S’il reste du temps, expliquez différentes expressions françaises comprenant le mot chat. Ensuite, demandez-leur de penser à différentes expressions en Anglais qui comprennent les mots chat et chien.

 

3. Go through the slides with the French expressions and have the students try and figure out what they mean. Then explain their translation and meaning.

French Idioms that include cats

-Il n’y a pas un chat: 

Translation:  There is not a cat (in sight).

Meaning: There is no one (or only a few people, but less than expected).

-Avoir d’autres chats à fouetter

Translation: To have other cats to whip

Meaning: To have bigger fish to fry

-Appeler un chat un chat 

Translation: To call a cat a cat

Meaning: To say things like they are

-Avoir un chat dans la gorge

Translation: To have a cat in the throat

Meaning: To have a sore throat/difficulty speaking

-Donner sa langue au chat

Translation: To give your tongue to the cat

Meaning: To not be able to guess

End of Activity:

  • Can-Do statement check-in… “Where are we?”
  • Read can-do statements and have students evaluate their confidence with cards.
  • Encourage students to be honest in their self evaluation
  • Pay attention and use feedback for future activities!

NCSSFL-ACTFL Can-Do Statements:

  1. I can understand the role of pets in a French family.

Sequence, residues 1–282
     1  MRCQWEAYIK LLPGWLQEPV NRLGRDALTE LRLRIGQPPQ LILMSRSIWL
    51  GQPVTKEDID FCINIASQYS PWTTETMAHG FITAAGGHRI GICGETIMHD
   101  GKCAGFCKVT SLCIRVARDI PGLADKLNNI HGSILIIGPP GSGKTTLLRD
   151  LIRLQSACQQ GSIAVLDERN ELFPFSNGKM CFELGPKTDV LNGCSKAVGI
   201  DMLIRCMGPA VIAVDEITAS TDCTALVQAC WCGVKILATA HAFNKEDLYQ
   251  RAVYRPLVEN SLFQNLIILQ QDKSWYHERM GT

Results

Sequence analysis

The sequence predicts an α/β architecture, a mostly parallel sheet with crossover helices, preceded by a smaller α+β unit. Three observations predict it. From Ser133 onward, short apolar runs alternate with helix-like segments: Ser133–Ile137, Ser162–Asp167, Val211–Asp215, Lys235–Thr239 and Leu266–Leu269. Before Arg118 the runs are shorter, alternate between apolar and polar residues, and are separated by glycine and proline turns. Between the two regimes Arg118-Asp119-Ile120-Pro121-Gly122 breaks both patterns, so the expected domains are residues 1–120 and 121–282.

2. I can briefly describe my pet and what he/she likes to do.
  3. I can recognize cultural expressions used in everyday French.

CULTURAL NOTES

In France the most popular type of domestic animal are cats. Dogs come second, but most French prefer cats as a domestic animal. Cats are often seen in many French films and are frequently referenced in cultural works (film, art, literature, etc.)

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Let's Chat! French by Alexandre Bourque-Labbé; Antoine Abjean; Cassy Ponga; Emily Blackburn; Jasmine Wall; Jorge Corea; Josepha Sowanou; Justin Snyder; Lily Nelson; Manon Pretesesille; Michael Quiblier; Mimi Fahnstrom; Olivier Roy; Rylie Wieseler; Samantha Lind; Sharon Westbrook; and Tori Fisher is licensed under a Creative Commons Attribution-NonCommercial-ShareAlike 4.0 International License, except where otherwise noted.